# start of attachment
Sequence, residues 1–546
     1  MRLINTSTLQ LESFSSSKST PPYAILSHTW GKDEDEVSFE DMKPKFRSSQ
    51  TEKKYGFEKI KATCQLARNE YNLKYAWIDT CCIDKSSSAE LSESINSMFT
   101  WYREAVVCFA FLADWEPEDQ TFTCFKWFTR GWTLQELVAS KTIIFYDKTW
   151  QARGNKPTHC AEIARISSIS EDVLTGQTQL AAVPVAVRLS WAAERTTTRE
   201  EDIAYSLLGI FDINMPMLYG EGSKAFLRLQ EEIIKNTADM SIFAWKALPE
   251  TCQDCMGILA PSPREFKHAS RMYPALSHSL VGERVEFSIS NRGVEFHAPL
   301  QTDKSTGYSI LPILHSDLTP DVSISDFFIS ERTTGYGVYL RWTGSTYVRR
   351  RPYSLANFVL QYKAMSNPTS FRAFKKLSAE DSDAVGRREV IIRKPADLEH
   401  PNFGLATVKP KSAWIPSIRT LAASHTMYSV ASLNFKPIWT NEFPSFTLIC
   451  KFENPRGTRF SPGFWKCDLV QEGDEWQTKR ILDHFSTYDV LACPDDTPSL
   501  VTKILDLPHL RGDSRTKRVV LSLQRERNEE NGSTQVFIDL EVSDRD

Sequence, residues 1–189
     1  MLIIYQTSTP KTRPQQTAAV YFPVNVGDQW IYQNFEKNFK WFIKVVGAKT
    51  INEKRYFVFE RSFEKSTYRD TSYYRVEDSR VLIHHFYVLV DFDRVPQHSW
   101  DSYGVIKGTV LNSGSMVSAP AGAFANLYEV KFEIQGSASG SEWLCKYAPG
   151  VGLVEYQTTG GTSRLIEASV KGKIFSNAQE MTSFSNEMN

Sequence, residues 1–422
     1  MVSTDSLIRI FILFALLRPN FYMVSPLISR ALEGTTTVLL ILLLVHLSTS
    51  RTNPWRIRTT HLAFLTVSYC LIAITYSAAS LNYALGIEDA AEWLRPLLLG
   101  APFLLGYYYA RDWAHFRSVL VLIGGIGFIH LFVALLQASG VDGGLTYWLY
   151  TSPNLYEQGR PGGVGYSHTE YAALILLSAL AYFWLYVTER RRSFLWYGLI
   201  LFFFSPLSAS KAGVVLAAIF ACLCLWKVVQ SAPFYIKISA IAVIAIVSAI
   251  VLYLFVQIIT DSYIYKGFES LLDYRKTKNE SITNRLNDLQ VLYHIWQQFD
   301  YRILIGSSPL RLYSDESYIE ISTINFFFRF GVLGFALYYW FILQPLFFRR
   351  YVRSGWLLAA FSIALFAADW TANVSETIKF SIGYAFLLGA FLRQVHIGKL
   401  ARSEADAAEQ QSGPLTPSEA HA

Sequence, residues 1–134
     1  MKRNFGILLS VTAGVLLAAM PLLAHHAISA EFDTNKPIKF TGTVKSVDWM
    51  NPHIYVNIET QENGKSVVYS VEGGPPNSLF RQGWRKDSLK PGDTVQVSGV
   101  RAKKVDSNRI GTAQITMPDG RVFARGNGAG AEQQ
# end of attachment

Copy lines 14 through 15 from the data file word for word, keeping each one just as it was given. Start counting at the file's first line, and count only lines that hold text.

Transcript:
     1  MLIIYQTSTP KTRPQQTAAV YFPVNVGDQW IYQNFEKNFK WFIKVVGAKT
    51  INEKRYFVFE RSFEKSTYRD TSYYRVEDSR VLIHHFYVLV DFDRVPQHSW